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Customer Reviews

3.7 out of 5 stars
3.7 out of 5 stars
Format: Paperback|Change
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First published in 1953 in IF - Worlds of science fiction, and pretty typical of that time. Murphy, a reporter for 'Know your Universe!' is sent off to the planet CirgamesÇ, where strange goings-on have been reported. This world, a cross between Java and Arabia, welcomes reporters, as long as they stick to sociologically relevant reporting: farmers at work, fish hatcheries, economic progress. Murphy knows this won't cut much ice with the ruthless editor he reports to, and goes looking for the more shady side to the planet - and finds it.

Great literature it is not, but it is a nice story with a few hints of the Vance we know and love. 3.5 stars, I'd say. You can find this online, too (and for free)
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on 1 October 2010
This is a very short story for the price and, while there are indications of the master story teller that the author was to become, there is insufficient time here to really develop the plot. The main storyline just gets going, with some potentially interesting areas to be explored, when it comes to a sudden end. A sub plot, involving two members of management at the hero's employer, is incomplete and unsatisfying apart from providing an obvious - albeit amusing - vehicle for the ending. This story has the makings of a full length novel but doesn't work on any level as a short story in my opinion.
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on 6 December 2010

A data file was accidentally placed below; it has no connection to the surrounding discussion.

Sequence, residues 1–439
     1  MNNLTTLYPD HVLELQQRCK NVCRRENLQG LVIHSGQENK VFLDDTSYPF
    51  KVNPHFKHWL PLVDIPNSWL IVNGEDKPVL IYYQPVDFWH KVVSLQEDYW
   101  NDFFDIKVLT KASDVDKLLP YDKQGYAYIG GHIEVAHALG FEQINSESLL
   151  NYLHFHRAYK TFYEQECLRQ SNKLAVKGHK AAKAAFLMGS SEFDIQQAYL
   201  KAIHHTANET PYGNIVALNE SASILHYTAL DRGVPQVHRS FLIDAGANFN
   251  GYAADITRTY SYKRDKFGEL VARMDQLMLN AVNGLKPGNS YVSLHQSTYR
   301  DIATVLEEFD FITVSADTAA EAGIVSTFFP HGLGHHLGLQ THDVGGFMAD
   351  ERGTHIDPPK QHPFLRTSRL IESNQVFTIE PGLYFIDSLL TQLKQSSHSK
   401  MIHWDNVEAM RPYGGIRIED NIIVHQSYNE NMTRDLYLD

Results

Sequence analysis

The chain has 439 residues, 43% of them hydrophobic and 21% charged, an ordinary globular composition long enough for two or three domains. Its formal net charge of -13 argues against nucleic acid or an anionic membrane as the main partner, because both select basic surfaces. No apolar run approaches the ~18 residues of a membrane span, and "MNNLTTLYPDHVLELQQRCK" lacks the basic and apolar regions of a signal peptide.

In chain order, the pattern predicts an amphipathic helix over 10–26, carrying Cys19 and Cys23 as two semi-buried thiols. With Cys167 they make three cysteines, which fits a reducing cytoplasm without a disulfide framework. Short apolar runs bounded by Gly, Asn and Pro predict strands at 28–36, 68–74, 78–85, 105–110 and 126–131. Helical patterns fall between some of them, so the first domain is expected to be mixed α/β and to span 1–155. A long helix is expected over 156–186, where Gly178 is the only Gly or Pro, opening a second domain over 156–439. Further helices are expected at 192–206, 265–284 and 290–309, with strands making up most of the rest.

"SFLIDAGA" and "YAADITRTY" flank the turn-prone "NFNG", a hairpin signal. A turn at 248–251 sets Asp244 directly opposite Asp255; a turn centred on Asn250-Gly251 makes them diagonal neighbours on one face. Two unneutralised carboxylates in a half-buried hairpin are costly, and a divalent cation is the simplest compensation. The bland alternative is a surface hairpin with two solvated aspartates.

This is the story with a 'cowboy' riding a 'horse' in space.
I was going to use that as my title to flag it to any Vance fan that has read this story already.
Then I realised that the title "Cowboy riding a horse in space" would only make sense in context to those who have read the story.
I generally concur with what has been written in the other two reviews. The story was very short, and has been printed in one of the Vance collections. There is an ending but the story didn't really feel 'finished'.
It would have been better if it had been of novel length. What there was of it was enjoyable enough but it is more for completists.
It was so short that instead of a spine it was bound with two staples; a booklet more than a book.
The pages were of good quality paper but for the book to remain undamaged it will need to be stored safely.
The unusual dimensions and paperback format of this slender tome render it somewhat vulnerable.
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Look, I have the free Amazon US Kindle version of this, so the price is right. There is literally no reason not to download it for a quiet moment when you have nothing else to do.

Sjambak is a nice little sci-fi story by Jack Vance, although it is not particularly "Vancian" with only a little of the characteristic dialogue and things just being slightly off-kilter. It's a quick read, 20 or 30 pages long if it were a book. Sadly, it is missing the Virgil Finlay art referred to in the text. To say it about a space cowboy is to both mislead and tell the truth: its really about a journalist looking for a story, space travel, terraforming and ambition. The Sjambak is...well, better to read it and find out.

This not earthshattering stuff: it's a sci-fi short story of the type mass-produced in the 1940's and 50's. But its fun, cheap, and written by Jack Vance, so you know its better than it has a right to be.
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on 29 November 2014
Jack can do no wrong. I'm still re-reading his Sci-Fi after 40 years - must be his use of language - adjectival descriptions par excellence. Pity about Ellery Queen
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on 14 June 2014
OK, but be aware that this is a very short story and is maybe not Jack Vance at his best
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on 9 October 2016
brilliant author
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